# Pascal's Wager: It is better and rational to believe in God

Pascal argues that if we believe in the Christian God we gain heaven and lose nothing and if we do not believe then we lose heaven and gain nothing. Therefore it is best and rational to believe in God and devote oneself to Christian living. This seems fair to me since if I am wrong then I will lose nothing, But if I am right than I would gain heaven.

So then the best possible option would be to believe and strive for my reward in heaven. If I am wrong then I lose nothing. If I am right than I gain eternal joy and peace beyond my imagination.

But in order to do so, you have to submit yourself to a life full of something you don’t believe in, which is not something I personally enjoy. I’m not willing to give up the beliefs that make me happy (not to mention my Sunday mornings) just because there’s an infinitisimal chance that I might get to Heaven for it.

Also, the same logic applies to every other religion that offers Heaven, Nirvana or whatever. Should we follow them all, just to be on the safe side?

Your gain is greater than the sacrifice, and it is not much off a loss anyway, because when you die, it is over, no pleasure you refused to give up will mean anything. It seems a small sacrifice to give a few of these things up and live with the hope that there might be a God in the end. There are many religions, but Pascal speaks of the Christian God. But whatever religion you choose, if you have a slightest bit of faith in it, it would seem the best option to seek a committed religious life for the possible ultimate gain.

What Pascal is saying is “Why not believe?” The advantages outweigh the disadvantage overall. But he is not neccessarily saying that you must TOTALLY believe without a doubt but is really saying to just rationalize it and move accordingly.

and you have to ask which christian god?

which interpretation of dead languages that only a handful of people can read do you trust? god’s word? not even close…

pascal’s wager creates a false dichotomy and fails logically…

-Imp

Why must one need “God’s word?” God can be what an individual knows him to be. Furthermore, just because a few people can read the “dead languages” does not make “God’s word” false.

it isn’t even god’s word…

it is some white guy’s word claiming it is the word of god…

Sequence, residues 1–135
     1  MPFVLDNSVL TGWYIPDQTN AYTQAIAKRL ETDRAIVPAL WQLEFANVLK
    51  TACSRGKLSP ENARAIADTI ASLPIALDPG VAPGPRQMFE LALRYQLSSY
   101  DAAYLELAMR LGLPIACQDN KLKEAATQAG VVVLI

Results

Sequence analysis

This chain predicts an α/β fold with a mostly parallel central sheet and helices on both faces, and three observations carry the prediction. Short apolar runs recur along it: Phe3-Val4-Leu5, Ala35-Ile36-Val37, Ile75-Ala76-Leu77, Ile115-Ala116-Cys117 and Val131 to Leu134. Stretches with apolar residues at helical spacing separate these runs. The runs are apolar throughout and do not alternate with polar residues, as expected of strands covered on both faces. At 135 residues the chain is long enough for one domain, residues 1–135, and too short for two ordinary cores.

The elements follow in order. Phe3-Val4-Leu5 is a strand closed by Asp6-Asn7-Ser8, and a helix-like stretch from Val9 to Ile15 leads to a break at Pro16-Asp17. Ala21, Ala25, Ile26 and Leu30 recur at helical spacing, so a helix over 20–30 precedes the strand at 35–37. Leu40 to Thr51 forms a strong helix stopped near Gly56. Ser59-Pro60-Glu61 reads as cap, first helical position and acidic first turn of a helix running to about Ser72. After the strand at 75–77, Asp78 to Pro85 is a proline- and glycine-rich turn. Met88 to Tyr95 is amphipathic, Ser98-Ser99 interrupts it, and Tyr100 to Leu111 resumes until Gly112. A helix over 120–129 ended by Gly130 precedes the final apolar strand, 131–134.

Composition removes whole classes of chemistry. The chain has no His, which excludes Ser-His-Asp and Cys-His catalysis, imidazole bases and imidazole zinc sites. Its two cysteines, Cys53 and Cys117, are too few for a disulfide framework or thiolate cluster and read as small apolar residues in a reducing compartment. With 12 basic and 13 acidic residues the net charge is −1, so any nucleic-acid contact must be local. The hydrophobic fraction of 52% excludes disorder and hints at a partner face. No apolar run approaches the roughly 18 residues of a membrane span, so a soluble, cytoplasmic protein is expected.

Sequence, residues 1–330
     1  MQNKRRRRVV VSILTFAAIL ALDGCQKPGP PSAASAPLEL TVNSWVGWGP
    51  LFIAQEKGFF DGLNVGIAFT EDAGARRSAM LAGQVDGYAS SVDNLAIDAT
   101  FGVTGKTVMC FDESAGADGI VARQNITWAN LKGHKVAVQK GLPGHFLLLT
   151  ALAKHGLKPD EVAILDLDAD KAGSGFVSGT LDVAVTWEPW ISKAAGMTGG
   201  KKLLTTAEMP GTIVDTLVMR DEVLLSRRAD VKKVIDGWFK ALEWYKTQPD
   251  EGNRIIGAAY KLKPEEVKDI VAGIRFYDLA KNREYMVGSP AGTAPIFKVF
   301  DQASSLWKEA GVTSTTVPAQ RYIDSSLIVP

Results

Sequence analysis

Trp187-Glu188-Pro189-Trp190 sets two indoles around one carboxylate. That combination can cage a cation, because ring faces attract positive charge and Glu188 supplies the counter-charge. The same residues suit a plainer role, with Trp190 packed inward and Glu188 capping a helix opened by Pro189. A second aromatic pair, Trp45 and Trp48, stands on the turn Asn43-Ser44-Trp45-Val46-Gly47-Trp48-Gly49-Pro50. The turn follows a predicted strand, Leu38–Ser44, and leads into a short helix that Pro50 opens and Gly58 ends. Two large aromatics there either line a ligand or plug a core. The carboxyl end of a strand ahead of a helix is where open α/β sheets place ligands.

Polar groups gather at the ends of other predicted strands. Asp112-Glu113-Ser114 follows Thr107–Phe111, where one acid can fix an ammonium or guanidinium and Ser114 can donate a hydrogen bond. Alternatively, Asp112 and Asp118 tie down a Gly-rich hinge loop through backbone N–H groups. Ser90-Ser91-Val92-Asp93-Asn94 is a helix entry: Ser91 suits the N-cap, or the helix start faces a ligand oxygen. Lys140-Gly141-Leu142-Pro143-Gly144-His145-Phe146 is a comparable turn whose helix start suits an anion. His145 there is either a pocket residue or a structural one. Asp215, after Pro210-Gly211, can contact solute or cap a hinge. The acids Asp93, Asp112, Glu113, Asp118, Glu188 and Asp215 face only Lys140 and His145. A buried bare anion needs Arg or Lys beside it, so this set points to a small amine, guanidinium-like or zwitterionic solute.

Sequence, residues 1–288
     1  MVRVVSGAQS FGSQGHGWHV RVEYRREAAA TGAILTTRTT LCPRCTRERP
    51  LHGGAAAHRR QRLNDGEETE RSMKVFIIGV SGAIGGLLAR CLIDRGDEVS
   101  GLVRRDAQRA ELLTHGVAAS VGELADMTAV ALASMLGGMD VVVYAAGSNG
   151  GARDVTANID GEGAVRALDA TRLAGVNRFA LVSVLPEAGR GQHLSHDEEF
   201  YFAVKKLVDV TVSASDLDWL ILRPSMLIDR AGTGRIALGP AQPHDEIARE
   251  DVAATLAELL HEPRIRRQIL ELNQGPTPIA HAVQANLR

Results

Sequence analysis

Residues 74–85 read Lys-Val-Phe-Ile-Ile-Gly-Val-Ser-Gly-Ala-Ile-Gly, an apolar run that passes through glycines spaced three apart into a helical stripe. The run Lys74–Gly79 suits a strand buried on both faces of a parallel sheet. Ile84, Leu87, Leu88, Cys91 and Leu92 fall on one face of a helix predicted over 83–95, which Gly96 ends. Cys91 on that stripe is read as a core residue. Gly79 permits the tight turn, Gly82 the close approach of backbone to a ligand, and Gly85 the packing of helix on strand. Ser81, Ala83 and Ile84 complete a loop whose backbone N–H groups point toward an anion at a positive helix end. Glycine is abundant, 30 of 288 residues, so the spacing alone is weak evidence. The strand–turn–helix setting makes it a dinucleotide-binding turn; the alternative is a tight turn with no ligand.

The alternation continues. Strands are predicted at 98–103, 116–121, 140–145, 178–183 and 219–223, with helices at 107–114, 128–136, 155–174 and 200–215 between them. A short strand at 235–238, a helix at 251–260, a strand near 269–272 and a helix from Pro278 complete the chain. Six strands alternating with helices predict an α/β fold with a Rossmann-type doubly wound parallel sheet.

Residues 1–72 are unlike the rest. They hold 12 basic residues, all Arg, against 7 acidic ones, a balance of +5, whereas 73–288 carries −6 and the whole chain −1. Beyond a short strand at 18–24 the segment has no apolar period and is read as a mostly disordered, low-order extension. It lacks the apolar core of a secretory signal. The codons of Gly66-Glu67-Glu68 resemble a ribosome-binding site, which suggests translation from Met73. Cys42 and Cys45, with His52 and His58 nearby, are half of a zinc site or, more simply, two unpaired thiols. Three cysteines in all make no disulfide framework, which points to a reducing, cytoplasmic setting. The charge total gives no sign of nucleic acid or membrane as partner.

god can be this or that… who decides? one christian god says women must serve and obey their husbands (as if their are the husband’s property)…

-Imp

What white guy? The Gospels are eyewitness accounts and they have been translated. Perhaps, the translation may not be perfect, I don’t know, but to insist that it is all worthless is a huge leap. Women serving and obeying their husbands do not make them slaves.

When we were children, we spoke as children, we understood as children, we thought as children… But now we are grown, and it is time for us to put away our childish things.

“In the name of Jesus Christ of Nazareth rise up and walk. And he took him by the right hand, and lifted [him] up: and immediately his feet and ankle bones received strength.”

How many times must we fall back into the arms of dogma, looking for a miracle balm to ease our passage in this uncertain existance…? How long till we realize that the crutches leant to us by loving others hinder, rather than heal…?

Pascal’s wager costs nothing…? It costs you your whole life, and worse still, costs you any original contribution you could have made to the world. This world. The one around you. Now.

Why do you think suicide is dubbed a mortal sin…? Because the only logical answer to Pascal’s wager, is to kill yourself directly after confirmation in the religion of your choice.

When death finally comes, have the guts to judge yourself.

How many times must we fall back into the arms of dogma, looking for a miracle balm to ease our passage in this uncertain existance…? How long till we realize that the crutches leant to us by loving others hinder, rather than heal…?

Why is it “falling back” and how is it a “harmful crutch”?

Pascal’s wager costs nothing…? It costs you your whole life, and worse still, costs you any original contribution you could have made to the world. This world. The one around you. Now.

Er, what sort of “original contribution” is hindered by believing in God? Anal beads?

Why do you think suicide is dubbed a mortal sin…? Because the only logical answer to Pascal’s wager, is to kill yourself directly after confirmation in the religion of your choice.

If the Christian God exists why would a Christian logically kill themself? They now believe they have been created by God and have been put here for a purpose, to love and serve God if nothing else.

When death finally comes, have the guts to judge yourself.
I have the guts to judge myself now.

Faith requires no proof and offers no proof. I can and do believe in God as the benevolent creator of the universe and all that is in it, but that doesn’t mean I collapse into religiosity and dogma about everything, nor does it mean I’d present my faith as logical proof that what I believe is right.

As Imp said, the problem with Pascal’s wager is that it’s a false dichotomy that fails to analyze all the possibilities to be accounted for in the wager. A god who will send you to hell if you don’t believe in him vs. no god at all are not the only possibilities. On the flip side, there could be a god who sends people to hell who DO believe in him, or there could be a god who sends people to hell who focus on an eternal reward to the exclusion of their fellow man here and now. In these cases, being an atheist might be considered ultimately beneficial.